I don’t remember Jay Bird when I was growing up, although I believe we graduated from the same high school, him one year ahead of me. As soon as I discovered motorcycles and fell in love with the vagabond life, I discarded my hometown and constantly bounced around the Southwest. Jay Bird apparently discovered motorcycles about the same time I did, but was completely content to remain in one place, building a home and family around a solid work ethic. But we did bump into one another on occasion and since we shared a bunch of mutual friends, it was always a friendly, if somewhat abbreviated, encounter. We always seemed to be headed in different directions.
After relocating to Houston, I ran into him and his wife at a swap meet in Pasadena. He’d come up with some friends to rummage through boxes of greasy junk looking for some can’t-live-without-it part and had brought his truck just in case he scored something major. We talked for a few minutes, him bringing me up to speed on the gossip from home. And then, we parted ways again, without even taking time to share a beer. Later that night while headed back to the Gulf Coast, with one of his friends at the wheel of his truck, his wife in the front seat and him in the back, the driver nodded off, crossed the center stripe and was the cause of a head-on collision. Jay Bird’s wife was gone. Jay Bird took it hard, I heard. But I really didn’t know how hard since we weren’t that close. I didn’t even go to the funeral.
Years would roll by and his name would come up in a conversation here and there. Seemed like he rode more than ever since he lost his ol’ lady. Maybe he was trying to fill a hole in his heart. But then, I wouldn’t know.
Two years ago, I was headed back south to Texas from South Dakota when a huge thunderstorm started rolling in from the Rockies. I took shelter in the first motel I could find in Colorado Springs, barely beating the torrential downpour that followed on my heels. Three bikes rolled in shortly after me with drenched riders seeking similar refuge. Later, after the storm let up, I took off for a beer and a steak and noticed the three bikes parked about five doors down from me. They were all sporting Texas plates. But then, that wasn’t too unusual—lots of Texans attend Sturgis every year. The next morning I passed by their door again on my way to the motel office for coffee. I nodded at one of the riders and said, “Texas, eh? Where ‘bouts?”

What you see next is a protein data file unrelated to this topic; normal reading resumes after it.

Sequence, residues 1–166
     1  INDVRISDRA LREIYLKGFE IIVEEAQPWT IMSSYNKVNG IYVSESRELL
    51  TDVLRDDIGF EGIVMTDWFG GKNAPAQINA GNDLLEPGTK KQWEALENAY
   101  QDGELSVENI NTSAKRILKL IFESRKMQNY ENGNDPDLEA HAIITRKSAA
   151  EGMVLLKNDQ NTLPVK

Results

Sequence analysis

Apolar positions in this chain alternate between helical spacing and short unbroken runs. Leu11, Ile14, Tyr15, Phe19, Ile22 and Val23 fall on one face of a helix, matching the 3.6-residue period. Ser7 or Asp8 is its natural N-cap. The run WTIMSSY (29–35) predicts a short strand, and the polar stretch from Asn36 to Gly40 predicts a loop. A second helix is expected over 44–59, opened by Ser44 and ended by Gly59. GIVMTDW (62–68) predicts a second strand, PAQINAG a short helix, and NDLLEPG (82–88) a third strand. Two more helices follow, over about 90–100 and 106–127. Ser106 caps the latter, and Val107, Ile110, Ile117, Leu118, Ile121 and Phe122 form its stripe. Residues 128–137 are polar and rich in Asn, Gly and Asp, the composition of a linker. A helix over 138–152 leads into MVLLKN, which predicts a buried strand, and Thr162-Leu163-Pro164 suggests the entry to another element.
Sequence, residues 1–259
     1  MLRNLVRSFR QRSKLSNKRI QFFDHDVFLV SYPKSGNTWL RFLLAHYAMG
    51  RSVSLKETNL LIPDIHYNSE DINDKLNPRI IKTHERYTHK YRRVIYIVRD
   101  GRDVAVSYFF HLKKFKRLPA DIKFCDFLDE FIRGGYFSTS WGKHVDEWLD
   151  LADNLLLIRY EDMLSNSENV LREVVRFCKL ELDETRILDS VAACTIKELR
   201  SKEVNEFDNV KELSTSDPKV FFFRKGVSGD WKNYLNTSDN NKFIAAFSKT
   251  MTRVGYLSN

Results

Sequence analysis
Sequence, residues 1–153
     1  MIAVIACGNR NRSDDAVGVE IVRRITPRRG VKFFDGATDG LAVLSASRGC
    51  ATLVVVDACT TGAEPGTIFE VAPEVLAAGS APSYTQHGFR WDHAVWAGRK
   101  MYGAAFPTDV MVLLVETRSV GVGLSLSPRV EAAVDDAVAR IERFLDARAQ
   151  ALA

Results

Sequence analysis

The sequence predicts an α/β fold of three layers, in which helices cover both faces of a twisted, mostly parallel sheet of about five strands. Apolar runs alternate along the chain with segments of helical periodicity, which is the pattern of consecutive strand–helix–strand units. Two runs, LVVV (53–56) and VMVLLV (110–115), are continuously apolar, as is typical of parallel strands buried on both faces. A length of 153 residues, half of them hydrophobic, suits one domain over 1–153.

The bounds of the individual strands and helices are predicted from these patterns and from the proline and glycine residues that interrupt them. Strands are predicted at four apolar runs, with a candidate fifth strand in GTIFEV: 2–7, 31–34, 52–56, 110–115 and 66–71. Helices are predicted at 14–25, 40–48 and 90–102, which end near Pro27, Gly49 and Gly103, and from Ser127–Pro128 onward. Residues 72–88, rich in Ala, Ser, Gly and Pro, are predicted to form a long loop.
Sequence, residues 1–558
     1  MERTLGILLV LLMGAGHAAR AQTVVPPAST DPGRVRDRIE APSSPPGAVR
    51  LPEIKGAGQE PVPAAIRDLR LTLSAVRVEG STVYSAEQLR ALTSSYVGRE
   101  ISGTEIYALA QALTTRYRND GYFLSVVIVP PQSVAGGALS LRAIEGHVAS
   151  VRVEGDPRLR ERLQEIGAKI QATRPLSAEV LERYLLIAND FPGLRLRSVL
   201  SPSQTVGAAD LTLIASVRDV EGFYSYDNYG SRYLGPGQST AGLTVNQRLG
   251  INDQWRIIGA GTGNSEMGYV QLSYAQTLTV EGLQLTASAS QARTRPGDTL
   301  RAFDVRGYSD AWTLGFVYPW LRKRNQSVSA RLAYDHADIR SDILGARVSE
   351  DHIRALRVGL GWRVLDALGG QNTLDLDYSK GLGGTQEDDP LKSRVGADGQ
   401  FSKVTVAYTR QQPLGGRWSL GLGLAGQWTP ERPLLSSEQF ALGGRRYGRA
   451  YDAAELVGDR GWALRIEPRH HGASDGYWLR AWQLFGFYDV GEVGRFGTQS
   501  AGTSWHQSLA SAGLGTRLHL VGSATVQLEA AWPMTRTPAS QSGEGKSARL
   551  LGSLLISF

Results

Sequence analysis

From somewhere back inside the room I heard a gruff voice reply, “Ah just a little piss-ant of a town on the coast you probably never heard of before.”
Being proud of knowing damn near every inch of Texas I said, “Try me.”
The man behind the voice stepped outside and answered, “Port O’Connor, Texas.”
I squinted hard trying to focus on the face and then questioned, “Jay Bird? That you?”
Well, of course it was. A thousand miles from home and I run into someone I almost knew. We bullshitted for a few minutes until it was time for me to roll—deadlines and commitments dictating my schedule. They passed me later that morning near Raton Pass crossing the New Mexico border. It felt good when they all waved and gave me a thumbs up.
And then it was like no matter where I rode, Jay Bird was either already there, had just left or would arrive shortly. I ride a lot. But this guy was either my equal or better when it came to putting down miles. Earlier this year I found him sitting at a picnic table outside the South Texas Motorcycle Museum in Edinburgh. I’d come down to cover the museum’s open house fundraising party. Jay Bird had come to down to drink a few beers with friends. And damn if everyone there wasn’t his friend. A week later, he showed up all wind-blown and weathered at the Hill Country Holler run in Boerne outside of San Antonio. We spoke briefly, but I was on assignment and he needed to check on his poker run hand. I never saw him again that weekend.
Last month my good friend Gustavo came up to Houston from the Valley to visit his daughter. He came by the house and, over several rounds of icy Lone Star, regaled my family with tales of his many antics. And then he took me aside and in a hushed tone asked if I’d heard about Jay Bird. Seems he was at home and had slipped into a diabetic coma. Since he was on the road so much, no one even missed him for two days. At present he’s in a rehab center, hooked up to all kinds of monitors and equipment while doctors stand around scrutinizing charts and graphs hoping he wakes up. They say it’s all up to him. So I’m planning a trip down to see him; take the time to visit that I never took the time to do before. But first I need to check around and find out what his real name is so I know who to ask for when I arrive. We were never that close.